It is also important to acknowledge that it is campus students’ unions and campus media who have been leaders in pointing out the shortcomings in university, college, and government policy on sexual violence and sexual harassment campus. They have been at the forefront of the work to create better sexual violence prevention policies on campus. It is, therefore, unfortunate that the government made today’s announcement while continuing their attacks on the very student organizations that have been so instrumental in raising awareness and driving progress on these issues.
“The government should stop undermining the ability of students’ unions to support and advocate on behalf of their members through the Student Choice Initiative,” said Phillips. “Instead, this government should support students by investing in postsecondary education and ensuring that universities and students’ unions have the resources to support a campus free from sexual violence.”
Sexual violence is unacceptable. The results of this survey demonstrate the severity of the problem on university and college campuses and the need for substantial resources and strong students’ unions and campus media to effectively address these issues. Faculty are committed to this work and to partnering with students, staff, university administrators, and the provincial government to create safer campuses.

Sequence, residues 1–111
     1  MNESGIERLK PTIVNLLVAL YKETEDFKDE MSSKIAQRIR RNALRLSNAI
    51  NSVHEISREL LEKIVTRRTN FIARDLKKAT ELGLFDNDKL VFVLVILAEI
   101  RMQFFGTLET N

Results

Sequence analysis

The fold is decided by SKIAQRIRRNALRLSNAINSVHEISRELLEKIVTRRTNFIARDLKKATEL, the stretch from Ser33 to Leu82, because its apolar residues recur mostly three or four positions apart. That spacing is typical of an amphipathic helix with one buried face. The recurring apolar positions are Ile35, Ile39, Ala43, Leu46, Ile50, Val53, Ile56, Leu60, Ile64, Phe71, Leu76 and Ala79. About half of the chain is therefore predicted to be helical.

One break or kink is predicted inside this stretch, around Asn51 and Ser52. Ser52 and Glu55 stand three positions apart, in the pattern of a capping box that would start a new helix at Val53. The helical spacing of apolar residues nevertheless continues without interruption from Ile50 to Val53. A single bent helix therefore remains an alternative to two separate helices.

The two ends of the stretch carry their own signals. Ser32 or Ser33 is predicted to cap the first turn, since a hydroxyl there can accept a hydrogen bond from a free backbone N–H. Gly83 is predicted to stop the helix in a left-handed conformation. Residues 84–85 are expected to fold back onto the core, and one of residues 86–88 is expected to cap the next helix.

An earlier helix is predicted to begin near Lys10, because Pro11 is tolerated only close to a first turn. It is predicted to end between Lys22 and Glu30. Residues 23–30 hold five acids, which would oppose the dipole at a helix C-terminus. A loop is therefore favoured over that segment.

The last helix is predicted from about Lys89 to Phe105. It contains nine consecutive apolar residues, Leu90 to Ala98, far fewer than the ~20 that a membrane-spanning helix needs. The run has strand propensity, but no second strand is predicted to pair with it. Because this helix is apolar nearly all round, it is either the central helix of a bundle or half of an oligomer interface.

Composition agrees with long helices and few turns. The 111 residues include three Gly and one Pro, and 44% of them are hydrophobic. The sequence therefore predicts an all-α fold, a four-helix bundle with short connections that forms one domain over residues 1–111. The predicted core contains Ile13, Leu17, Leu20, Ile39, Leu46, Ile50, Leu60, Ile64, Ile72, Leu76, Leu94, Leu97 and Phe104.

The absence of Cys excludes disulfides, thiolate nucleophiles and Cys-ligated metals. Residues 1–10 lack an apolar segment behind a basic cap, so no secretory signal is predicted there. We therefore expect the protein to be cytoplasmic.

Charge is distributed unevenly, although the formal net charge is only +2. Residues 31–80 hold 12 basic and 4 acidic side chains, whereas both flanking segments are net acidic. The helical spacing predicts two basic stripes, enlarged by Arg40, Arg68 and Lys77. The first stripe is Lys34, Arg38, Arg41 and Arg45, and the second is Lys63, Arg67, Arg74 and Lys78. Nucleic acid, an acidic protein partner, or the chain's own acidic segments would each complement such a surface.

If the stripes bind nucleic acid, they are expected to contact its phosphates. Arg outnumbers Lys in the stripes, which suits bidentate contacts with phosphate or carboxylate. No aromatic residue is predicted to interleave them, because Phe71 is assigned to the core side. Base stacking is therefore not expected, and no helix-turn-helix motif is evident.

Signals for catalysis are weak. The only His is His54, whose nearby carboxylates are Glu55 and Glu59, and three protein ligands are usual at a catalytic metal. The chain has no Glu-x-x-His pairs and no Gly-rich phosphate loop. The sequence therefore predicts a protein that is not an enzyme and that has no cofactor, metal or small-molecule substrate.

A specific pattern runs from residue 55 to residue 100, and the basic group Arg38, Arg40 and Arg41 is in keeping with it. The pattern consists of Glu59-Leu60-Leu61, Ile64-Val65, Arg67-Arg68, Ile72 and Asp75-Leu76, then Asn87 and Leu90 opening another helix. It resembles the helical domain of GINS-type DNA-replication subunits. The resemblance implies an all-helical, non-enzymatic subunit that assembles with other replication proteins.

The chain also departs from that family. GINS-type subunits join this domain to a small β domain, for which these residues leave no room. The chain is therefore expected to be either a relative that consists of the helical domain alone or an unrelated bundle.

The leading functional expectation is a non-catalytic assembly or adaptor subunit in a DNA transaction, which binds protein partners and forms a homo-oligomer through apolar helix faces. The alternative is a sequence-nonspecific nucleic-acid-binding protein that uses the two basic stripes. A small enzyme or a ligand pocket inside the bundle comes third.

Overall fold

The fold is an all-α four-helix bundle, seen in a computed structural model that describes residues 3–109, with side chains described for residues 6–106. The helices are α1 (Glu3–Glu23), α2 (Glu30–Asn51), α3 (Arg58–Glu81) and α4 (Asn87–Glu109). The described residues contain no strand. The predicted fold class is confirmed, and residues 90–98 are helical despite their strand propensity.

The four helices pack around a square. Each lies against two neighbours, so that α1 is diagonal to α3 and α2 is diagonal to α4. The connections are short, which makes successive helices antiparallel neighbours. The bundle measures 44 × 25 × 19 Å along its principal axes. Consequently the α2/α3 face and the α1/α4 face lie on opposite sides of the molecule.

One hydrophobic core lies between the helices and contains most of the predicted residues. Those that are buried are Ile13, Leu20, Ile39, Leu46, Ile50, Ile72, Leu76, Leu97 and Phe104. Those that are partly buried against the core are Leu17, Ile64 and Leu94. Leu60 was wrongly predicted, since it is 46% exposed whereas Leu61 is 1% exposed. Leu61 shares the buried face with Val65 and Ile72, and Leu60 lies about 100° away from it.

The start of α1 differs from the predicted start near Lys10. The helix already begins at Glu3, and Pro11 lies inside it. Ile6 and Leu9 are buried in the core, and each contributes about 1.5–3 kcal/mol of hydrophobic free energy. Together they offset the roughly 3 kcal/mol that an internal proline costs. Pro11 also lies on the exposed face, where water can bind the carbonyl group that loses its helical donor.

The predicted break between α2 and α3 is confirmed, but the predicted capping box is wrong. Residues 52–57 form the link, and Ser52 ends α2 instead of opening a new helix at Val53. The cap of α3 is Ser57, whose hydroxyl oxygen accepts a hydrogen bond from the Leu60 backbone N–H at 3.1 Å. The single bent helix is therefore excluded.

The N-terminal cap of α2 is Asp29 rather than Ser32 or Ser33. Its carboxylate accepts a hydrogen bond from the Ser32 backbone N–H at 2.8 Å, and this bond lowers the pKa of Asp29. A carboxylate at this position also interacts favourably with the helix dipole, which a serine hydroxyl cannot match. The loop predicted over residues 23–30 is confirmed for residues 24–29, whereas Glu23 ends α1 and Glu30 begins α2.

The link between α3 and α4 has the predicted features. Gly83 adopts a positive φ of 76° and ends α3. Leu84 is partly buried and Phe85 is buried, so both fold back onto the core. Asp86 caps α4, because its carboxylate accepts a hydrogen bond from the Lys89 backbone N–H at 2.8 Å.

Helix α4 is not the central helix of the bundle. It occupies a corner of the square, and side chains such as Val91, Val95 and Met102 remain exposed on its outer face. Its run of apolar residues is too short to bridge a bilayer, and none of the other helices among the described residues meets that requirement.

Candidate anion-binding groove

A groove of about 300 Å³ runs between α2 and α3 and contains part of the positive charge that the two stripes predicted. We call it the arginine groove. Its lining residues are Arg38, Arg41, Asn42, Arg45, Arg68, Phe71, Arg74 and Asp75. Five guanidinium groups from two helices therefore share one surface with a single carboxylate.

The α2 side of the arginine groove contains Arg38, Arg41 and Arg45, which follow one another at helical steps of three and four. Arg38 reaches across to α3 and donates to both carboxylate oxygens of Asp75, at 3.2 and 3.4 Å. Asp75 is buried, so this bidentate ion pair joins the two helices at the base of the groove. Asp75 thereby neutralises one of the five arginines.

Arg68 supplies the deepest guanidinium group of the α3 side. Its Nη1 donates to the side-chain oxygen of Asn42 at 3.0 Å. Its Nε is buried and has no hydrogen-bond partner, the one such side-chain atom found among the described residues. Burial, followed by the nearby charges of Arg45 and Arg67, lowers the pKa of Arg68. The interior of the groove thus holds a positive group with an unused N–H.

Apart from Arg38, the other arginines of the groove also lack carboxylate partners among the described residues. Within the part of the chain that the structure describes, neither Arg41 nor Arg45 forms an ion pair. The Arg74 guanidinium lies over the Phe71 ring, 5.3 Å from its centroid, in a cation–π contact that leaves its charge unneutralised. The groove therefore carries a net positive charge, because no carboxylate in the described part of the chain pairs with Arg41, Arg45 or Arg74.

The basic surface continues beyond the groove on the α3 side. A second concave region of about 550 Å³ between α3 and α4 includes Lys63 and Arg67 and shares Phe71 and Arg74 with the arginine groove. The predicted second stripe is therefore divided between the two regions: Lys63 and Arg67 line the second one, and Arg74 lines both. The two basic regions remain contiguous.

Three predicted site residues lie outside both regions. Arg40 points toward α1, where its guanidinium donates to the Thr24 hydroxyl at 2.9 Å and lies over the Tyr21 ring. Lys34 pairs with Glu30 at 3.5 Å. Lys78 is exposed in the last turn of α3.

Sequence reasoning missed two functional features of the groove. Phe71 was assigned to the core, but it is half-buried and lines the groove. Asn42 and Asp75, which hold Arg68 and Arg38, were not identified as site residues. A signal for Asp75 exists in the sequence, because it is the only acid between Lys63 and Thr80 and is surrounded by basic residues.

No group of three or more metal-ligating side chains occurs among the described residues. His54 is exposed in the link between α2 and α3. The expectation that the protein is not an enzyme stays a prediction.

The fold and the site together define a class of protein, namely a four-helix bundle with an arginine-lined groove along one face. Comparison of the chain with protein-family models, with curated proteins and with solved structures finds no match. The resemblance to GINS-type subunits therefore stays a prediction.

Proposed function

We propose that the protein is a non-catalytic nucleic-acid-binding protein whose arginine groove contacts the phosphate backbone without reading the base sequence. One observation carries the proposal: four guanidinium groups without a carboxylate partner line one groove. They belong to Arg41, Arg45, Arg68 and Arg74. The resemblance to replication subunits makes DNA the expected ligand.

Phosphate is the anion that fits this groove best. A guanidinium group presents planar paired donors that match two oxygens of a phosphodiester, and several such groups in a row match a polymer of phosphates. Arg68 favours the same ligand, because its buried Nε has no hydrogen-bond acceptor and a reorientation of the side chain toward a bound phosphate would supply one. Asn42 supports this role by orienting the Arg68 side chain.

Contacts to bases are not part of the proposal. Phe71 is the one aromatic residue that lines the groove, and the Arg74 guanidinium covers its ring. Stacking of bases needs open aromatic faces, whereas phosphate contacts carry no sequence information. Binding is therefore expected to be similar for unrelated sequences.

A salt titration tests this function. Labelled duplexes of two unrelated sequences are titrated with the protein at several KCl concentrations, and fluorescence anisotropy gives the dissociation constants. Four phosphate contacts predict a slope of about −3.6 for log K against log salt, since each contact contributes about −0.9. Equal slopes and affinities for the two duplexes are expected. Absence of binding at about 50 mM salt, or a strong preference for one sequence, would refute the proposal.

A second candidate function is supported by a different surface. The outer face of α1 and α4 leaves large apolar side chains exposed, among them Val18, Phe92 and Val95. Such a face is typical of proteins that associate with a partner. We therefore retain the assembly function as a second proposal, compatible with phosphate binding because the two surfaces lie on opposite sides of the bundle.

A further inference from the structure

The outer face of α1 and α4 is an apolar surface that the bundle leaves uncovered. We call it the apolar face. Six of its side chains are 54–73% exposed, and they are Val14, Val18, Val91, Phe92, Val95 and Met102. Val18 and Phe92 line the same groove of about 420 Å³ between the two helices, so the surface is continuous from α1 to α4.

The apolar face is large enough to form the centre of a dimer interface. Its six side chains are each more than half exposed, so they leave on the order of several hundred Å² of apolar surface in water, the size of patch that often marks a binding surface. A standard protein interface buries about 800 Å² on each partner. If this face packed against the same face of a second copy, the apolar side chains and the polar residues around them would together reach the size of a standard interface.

OCUFA faculty associations participate in constituency week advocacy
During the week of March 11th, OCUFA member associations from across the province participated in a series of advocacy meetings with MPPs in their ridings. These meetings were organized during a “constituency week” – a week when the provincial legislature is not sitting and many MPPs return to their ridings to hold meetings with their constituents.
Constituency week provided an important opportunity for faculty to discuss important postsecondary issues with MPPs, including:
• committing to a faculty renewal strategy that supports full-time hiring at universities while creating pathways to secure jobs for contract faculty;